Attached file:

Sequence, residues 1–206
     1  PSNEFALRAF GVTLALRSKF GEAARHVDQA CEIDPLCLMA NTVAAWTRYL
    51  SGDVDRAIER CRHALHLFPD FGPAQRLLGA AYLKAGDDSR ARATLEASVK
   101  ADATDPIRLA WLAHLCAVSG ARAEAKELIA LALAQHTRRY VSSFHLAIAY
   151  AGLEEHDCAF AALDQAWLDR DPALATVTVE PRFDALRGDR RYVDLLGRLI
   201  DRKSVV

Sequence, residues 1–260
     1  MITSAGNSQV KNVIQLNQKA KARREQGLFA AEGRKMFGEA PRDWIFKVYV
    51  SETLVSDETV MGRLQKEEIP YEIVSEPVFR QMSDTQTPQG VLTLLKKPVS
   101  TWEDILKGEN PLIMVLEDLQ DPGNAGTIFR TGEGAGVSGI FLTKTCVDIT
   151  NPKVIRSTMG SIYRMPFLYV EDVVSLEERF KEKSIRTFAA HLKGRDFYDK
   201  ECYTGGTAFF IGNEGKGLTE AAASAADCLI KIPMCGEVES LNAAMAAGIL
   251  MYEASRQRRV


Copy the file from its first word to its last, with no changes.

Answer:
Sequence, residues 1–206
     1  PSNEFALRAF GVTLALRSKF GEAARHVDQA CEIDPLCLMA NTVAAWTRYL
    51  SGDVDRAIER CRHALHLFPD FGPAQRLLGA AYLKAGDDSR ARATLEASVK
   101  ADATDPIRLA WLAHLCAVSG ARAEAKELIA LALAQHTRRY VSSFHLAIAY
   151  AGLEEHDCAF AALDQAWLDR DPALATVTVE PRFDALRGDR RYVDLLGRLI
   201  DRKSVV

Sequence, residues 1–260
     1  MITSAGNSQV KNVIQLNQKA KARREQGLFA AEGRKMFGEA PRDWIFKVYV
    51  SETLVSDETV MGRLQKEEIP YEIVSEPVFR QMSDTQTPQG VLTLLKKPVS
   101  TWEDILKGEN PLIMVLEDLQ DPGNAGTIFR TGEGAGVSGI FLTKTCVDIT
   151  NPKVIRSTMG SIYRMPFLYV EDVVSLEERF KEKSIRTFAA HLKGRDFYDK
   201  ECYTGGTAFF IGNEGKGLTE AAASAADCLI KIPMCGEVES LNAAMAAGIL
   251  MYEASRQRRV